HB 1046 was introduced by state Rep. Lyle Rowland (R). He explained why he felt the bill was necessary to the St. Louis Post-Dispatch:
Rowland, a Republican from Cedarcreek, said he sponsored the bill because he doesn’t think there is enough vetting in the current process, which primarily relies on political parties to verify whether candidates meet all requirements.
“This would just provide us with the verifying evidence,” Rowland said.
Rowland and other Republicans deny that the bill is in response to charges that President Obama is not a citizen, but state Democrats are unconvinced, calling the timing questionable. “There is a large amount of people out there who don’t think our president if a U.S. citizen,” said Rep. Jacob Hummel (D).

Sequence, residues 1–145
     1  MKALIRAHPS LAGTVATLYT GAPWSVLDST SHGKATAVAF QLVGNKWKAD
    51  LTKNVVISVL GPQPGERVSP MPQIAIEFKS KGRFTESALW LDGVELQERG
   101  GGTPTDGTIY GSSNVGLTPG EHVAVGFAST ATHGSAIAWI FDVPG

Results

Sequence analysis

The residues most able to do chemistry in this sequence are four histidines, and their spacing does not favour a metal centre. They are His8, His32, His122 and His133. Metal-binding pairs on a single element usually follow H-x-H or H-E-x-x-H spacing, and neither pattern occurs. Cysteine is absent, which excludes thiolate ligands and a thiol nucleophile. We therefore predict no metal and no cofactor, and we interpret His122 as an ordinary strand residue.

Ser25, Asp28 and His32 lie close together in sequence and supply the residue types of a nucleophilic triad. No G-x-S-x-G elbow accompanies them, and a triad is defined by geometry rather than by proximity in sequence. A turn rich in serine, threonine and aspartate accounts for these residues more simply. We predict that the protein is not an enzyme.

Under the bill, “verifying evidence” of citizenship includes a copy of a candidate’s birth certificate, which President Obama released months ago. It’s unclear whether a campaign would be able to provide a copy in coffee mug format.
Missouri is one of several states that has flirted with the idea of a birther bill, but would be the first to enact if, if it passes. Florida, Texas, and Oklahoma have all considered their own versions, and in Arizona, a bill made it all the way to Gov. Jan Brewer’s (R) desk before she vetoed it.